Powys: A Day in the Life

1891

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Social Conditions

Llanfyllin Workhouse

Llanfyllin Workhouse in 1907
Llanfyllin Workhouse c1907
Powys County Archives

The workhouse in Llanfyllin was built in 1838 in response to the Poor Law Amendment Act of 1834. It was known as Y Dolydd and served Llanfyllin and 25 neighbouring parishes.

On April 5th 1891, census day, there were 49 residents, or 'inmates' staying at the workhouse: 19 men, 14 women, and 16 children of 13 years and under.

Celebratory Tea at Llanfyllin Workhouse
Llanfyllin Workhouse
Powys County Archives

The above photograph shows a celebratory tea of some kind at the workhouse, and illustrates the stark contrast between the dress of the inmates and that of the staff. It also shows how men, women and children were segregated from the time they entered the workhouse - including parents and their children. A high proportion of the inmates were aged over 60 (19 inmates). One of the responsibilities of the Board of Guardians was to try to enforce maintenance payments by children for their elderly and destitute parents, failing which the parents would find themselves admitted as inmates.

John Corfield 'dumb since childhood'
Powys County Archives

2 of the adult cases were deaf and dumb, and one was described as 'dumb since childhood'. It can be seen from the Forden minutes that efforts were being made in 1891 to assist children who had been born with this disability:

"John Corfield
A report was received from the Cardiff Deaf & Dumb School stating that this boy was making very satisfactory progress and inclosing Account for maintenance and clothing. Resolved that the Account be paid and that the father of the boy be called upon to repay the cost of the clothing and the amount agreed upon between him and the Guardians."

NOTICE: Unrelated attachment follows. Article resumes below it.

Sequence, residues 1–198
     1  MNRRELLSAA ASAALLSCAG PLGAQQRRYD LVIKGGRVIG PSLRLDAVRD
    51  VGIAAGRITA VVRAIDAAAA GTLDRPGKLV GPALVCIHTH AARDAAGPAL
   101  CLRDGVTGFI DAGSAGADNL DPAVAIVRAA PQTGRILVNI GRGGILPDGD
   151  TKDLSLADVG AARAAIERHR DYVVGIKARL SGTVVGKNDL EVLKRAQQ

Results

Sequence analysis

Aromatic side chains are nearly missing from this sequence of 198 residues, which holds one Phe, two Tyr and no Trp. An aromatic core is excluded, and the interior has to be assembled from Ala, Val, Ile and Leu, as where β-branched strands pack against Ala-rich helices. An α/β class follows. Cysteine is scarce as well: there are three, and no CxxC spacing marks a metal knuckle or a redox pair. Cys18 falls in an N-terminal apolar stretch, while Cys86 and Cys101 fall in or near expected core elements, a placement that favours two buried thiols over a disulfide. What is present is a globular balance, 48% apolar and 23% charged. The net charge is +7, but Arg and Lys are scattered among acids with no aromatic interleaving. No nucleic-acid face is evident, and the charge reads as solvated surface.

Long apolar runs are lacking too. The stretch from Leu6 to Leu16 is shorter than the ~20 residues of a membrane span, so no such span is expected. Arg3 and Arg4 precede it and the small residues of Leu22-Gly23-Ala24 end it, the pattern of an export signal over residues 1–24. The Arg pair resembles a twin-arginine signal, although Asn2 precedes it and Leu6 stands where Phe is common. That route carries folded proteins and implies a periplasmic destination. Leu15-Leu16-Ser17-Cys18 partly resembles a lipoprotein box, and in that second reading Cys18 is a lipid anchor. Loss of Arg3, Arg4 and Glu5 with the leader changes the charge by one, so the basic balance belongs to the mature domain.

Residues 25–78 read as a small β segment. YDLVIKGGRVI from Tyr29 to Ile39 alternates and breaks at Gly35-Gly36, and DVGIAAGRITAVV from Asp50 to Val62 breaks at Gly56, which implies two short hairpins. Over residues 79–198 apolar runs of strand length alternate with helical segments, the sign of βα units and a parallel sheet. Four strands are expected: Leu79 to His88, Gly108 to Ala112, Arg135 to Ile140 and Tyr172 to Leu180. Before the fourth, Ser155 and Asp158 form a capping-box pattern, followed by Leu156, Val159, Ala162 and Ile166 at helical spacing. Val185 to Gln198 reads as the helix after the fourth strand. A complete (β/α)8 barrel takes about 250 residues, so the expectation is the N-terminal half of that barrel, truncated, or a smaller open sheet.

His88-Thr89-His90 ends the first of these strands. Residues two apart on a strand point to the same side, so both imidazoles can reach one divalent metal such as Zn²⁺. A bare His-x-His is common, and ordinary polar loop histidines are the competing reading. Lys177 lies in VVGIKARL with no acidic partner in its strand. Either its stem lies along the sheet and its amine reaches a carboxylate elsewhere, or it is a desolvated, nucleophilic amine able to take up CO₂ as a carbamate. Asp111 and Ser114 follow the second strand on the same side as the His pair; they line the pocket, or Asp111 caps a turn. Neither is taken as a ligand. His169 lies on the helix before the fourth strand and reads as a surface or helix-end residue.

'Lunatics'
Powys County Archives
There were also 7 inmates who were described as 'lunatics' in the census, and these people would have been housed in the 'lunatic' or sick wards at the workhouse. However, the worst cases were sent to the asylum at Bicton in Shropshire, which was a very large institution serving both Shropshire and Montgomeryshire. An entry in the accounts on 23rd July shows what large sums of money were spent on maintaining lunatics at these institutions:

Forden minutes contain a report by the visiting committee concerning lunacy cases who were deemed fit to be housed in the workhouse rather than be sent to an asylum.


Forden minutes
Powys County Archives

"The report stated that the Commissioner found that all the inmates were fit cases for workhouse care, that they were usefully employed, adequately dieted, and generally well cared for. Attention was however recommended to the following matters.
(1) That in future for the permanent detention of every fresh case an order by a justice supported by two medical certificates will be necessary as directed by Sec 24 of the Lunacy Act 1890.
(2) That more frequent bathing of these inmates is desirable and that they should have a bath once a fortnight each in clean water
(3) That there is in the Workhouse a great want of a housemaid's closet with hot and cold water laid on over a sink where utensils can be washed, and that a fireguard is wanted in the young men's ground floor day room for the protection

Resolved that the Master's attention be drawn to the report"

Click here to learn more about Llanfyllin workhouse.

Llanfyllin Board of Guardians
Morrallee Family

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